Our World Today: People, Places, and Issues, Texas Edition
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Chapter 21: Central America and the West Indies

Central America is an isthmus that connects North America and South America. The seven countries that make up Central America are Belize, Guatemala, El Salvador, Honduras, Nicaragua, Costa Rica, and Panama. A chain of volcanic mountains runs through inland Central America with lowlands on both sides. Most of Central America has a tropical climate. Farming, on plantations or subsistence farms, is the major economic activity of this region. In the rain forests of Central America, valuable resources and ancient ruins of past empires can be found. The Panama Canal provides employment for nearly half of that country's people. Most countries in Central America have a blend of Native American and Spanish cultures.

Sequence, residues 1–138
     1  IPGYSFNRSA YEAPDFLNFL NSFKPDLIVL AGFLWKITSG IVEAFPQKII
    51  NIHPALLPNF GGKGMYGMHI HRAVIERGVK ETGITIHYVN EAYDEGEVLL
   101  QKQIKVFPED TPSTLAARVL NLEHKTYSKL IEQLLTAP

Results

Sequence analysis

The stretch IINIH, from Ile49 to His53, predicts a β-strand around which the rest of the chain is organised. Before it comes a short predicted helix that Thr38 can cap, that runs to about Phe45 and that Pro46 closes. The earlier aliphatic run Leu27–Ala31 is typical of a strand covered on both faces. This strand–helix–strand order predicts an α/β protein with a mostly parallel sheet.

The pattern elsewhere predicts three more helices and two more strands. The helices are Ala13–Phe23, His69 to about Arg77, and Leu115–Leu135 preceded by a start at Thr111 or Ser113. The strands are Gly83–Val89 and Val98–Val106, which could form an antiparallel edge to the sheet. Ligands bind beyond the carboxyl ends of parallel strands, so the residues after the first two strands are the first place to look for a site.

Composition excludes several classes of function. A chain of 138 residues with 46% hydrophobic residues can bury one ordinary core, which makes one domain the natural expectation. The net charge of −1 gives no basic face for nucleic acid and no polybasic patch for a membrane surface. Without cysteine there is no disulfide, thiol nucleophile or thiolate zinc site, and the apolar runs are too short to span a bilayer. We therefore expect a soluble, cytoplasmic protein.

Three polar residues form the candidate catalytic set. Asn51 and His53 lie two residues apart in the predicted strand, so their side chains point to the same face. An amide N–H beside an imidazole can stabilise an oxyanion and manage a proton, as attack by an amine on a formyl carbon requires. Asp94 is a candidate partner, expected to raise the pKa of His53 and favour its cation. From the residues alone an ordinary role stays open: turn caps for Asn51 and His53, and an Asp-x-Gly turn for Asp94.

The West Indies includes three different island groups: the Bahamas, the Greater Antilles, and the Lesser Antilles. Many of the islands are part of an underwater chain of mountains formed by volcanoes. These islands lie within the tropics and most have a tropical savanna climate. Tourism and farming are the most important economic activities in the West Indies. The cultures of the West Indies are a mix of Native American, European, African, and Asian influences.

 


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